Old Controllers and Hardware Are Supported
With the Xbox Series X, backward compatibility is extended to more than just games. All of your existing Xbox One controllers and accessories will work on Xbox Series X and vice versa. Of course, the new controller revision for the Xbox Series X has a few new features, but the original Xbox One controller, as well as both versions of the Xbox One Elite controller, will work on the next-generation machine.
Xbox Game Pass and Xbox Live Gold will carry over to Xbox Series X as well. Just like they’ve been doing throughout this generation, Microsoft wants to shift the Xbox brand from a platform to an ecosystem, and the unification of hardware and services across generations is part of that plan.
The Controller Has Some Slight Changes
The Series X controller looks very similar to an Xbox One controller on a surface level, but there are a few new additions that give it some added functionality. The shell has been slightly reshaped and made a bit smaller, but the most important changes are the addition of a share button and a hybrid d-pad.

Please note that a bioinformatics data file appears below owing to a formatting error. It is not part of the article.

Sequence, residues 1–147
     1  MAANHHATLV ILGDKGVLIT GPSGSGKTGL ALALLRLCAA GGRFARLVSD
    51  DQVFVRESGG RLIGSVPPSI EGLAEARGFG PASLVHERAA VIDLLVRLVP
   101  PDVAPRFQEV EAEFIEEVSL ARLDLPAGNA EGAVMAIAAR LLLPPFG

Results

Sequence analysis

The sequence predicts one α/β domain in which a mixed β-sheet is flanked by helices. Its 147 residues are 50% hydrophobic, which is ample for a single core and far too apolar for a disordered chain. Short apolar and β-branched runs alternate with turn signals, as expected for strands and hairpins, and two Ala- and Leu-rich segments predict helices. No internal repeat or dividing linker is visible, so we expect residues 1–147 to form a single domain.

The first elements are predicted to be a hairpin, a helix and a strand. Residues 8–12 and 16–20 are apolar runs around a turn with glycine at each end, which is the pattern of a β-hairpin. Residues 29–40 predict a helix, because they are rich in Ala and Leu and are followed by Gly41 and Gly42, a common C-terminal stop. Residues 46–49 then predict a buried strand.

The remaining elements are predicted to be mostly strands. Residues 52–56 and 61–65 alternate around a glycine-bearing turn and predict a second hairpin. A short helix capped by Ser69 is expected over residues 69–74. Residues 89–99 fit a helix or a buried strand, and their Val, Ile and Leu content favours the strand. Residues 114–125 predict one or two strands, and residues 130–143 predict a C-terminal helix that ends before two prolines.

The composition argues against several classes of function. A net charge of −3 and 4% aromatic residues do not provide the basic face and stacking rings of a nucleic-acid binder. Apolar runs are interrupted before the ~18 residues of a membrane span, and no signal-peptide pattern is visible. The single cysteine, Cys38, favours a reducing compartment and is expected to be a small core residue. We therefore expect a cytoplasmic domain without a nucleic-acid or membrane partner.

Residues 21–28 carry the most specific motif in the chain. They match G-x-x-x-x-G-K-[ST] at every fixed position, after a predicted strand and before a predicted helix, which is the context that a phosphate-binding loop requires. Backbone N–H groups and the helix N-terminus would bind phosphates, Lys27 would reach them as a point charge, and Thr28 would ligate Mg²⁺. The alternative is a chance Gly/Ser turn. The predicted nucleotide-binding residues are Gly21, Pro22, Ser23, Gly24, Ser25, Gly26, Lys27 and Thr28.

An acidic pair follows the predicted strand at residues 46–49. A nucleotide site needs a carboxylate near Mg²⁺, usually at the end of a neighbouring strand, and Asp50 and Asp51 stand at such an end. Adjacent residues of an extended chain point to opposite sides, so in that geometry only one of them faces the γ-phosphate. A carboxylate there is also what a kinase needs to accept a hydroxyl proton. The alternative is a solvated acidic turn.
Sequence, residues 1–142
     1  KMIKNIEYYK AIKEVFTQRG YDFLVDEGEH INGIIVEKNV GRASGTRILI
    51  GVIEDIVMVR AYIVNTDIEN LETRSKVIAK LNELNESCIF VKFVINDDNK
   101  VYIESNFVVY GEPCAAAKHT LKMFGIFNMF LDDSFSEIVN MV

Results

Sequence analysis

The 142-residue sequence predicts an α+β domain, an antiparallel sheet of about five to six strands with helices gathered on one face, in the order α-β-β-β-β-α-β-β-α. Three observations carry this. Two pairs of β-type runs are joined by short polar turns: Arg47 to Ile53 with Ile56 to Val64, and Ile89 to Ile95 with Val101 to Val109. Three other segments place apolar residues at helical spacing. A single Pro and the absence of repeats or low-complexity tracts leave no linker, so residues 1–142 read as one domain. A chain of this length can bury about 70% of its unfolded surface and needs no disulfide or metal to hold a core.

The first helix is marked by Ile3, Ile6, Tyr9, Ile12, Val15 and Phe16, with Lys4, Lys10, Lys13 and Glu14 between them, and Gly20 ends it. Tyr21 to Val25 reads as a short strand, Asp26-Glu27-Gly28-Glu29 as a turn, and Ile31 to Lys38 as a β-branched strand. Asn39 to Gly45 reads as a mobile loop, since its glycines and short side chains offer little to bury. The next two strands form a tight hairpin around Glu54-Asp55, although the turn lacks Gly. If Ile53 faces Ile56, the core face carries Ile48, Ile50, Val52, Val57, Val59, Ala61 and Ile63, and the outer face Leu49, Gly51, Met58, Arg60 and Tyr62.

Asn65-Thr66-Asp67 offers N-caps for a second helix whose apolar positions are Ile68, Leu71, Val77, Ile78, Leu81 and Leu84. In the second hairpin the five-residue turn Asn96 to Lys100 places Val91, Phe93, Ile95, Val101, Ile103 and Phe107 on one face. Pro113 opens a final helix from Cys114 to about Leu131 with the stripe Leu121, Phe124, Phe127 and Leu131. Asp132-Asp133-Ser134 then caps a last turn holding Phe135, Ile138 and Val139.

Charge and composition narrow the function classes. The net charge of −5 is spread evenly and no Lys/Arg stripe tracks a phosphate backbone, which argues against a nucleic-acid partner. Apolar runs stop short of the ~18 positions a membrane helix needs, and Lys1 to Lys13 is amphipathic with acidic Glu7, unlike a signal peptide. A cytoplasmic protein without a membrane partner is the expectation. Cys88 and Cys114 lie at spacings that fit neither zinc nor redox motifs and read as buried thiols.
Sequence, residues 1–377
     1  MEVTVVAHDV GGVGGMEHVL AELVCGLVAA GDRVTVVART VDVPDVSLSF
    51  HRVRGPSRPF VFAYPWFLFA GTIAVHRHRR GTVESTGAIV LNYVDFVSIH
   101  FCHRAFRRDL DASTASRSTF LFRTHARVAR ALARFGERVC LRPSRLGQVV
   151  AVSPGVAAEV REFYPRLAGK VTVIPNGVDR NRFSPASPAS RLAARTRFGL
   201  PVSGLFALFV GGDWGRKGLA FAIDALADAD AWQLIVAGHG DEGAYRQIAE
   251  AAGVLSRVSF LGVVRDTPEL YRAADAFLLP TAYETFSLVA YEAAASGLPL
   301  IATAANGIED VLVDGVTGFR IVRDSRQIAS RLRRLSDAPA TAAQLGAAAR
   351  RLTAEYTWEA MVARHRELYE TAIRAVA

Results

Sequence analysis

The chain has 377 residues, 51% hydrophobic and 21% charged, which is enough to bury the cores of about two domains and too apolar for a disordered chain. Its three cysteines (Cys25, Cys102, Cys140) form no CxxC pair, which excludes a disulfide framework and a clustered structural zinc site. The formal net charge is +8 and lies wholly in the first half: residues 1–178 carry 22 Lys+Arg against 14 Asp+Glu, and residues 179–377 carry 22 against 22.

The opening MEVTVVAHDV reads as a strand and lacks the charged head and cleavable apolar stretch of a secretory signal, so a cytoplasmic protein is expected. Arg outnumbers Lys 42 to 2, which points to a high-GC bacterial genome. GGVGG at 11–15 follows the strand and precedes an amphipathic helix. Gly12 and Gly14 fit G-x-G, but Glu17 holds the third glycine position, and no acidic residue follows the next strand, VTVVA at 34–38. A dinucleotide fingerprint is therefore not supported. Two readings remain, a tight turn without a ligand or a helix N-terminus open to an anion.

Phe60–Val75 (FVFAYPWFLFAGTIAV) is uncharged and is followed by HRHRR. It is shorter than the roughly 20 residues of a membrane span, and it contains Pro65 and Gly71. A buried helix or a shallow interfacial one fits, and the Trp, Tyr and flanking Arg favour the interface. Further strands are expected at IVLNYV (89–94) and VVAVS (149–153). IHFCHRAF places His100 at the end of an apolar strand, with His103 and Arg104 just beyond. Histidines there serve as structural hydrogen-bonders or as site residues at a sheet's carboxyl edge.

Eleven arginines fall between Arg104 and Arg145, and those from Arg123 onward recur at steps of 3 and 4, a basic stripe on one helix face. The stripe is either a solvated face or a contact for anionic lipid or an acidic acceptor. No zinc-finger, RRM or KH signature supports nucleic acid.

Both the PlayStation 4 and Nintendo Switch controllers have a share button, something the Xbox One controller lacked. The new Series X controller has a share button smack dab in the middle of the controller, and it’ll function just as you’d expect it to. Also, the heavily-criticized Xbox One d-pad is getting replaced with a new design that more closely resembles the d-pad of the Elite controller. Xbox One mainstays like trigger rumble are still incorporated into the controller, though. The Series X controller takes an already great foundation and tweaks it just enough to make an improvement. There aren’t any crazy new additions like light bars or touchpads, but if it ain’t broke, don’t fix it.
Yes, You Can Lay It On Its Side
The first thing people tend to notice about the Xbox Series X is its vertical, PC tower-like design. While this design is certainly unique, it might present some problems for those who don’t want their console to stick out like a sore thumb in their entertainment centers. Thankfully, the console can be laid horizontally like its predecessors. It’s still a bulky powerhouse of a console, but it’ll blend in better with other devices when laid on its side.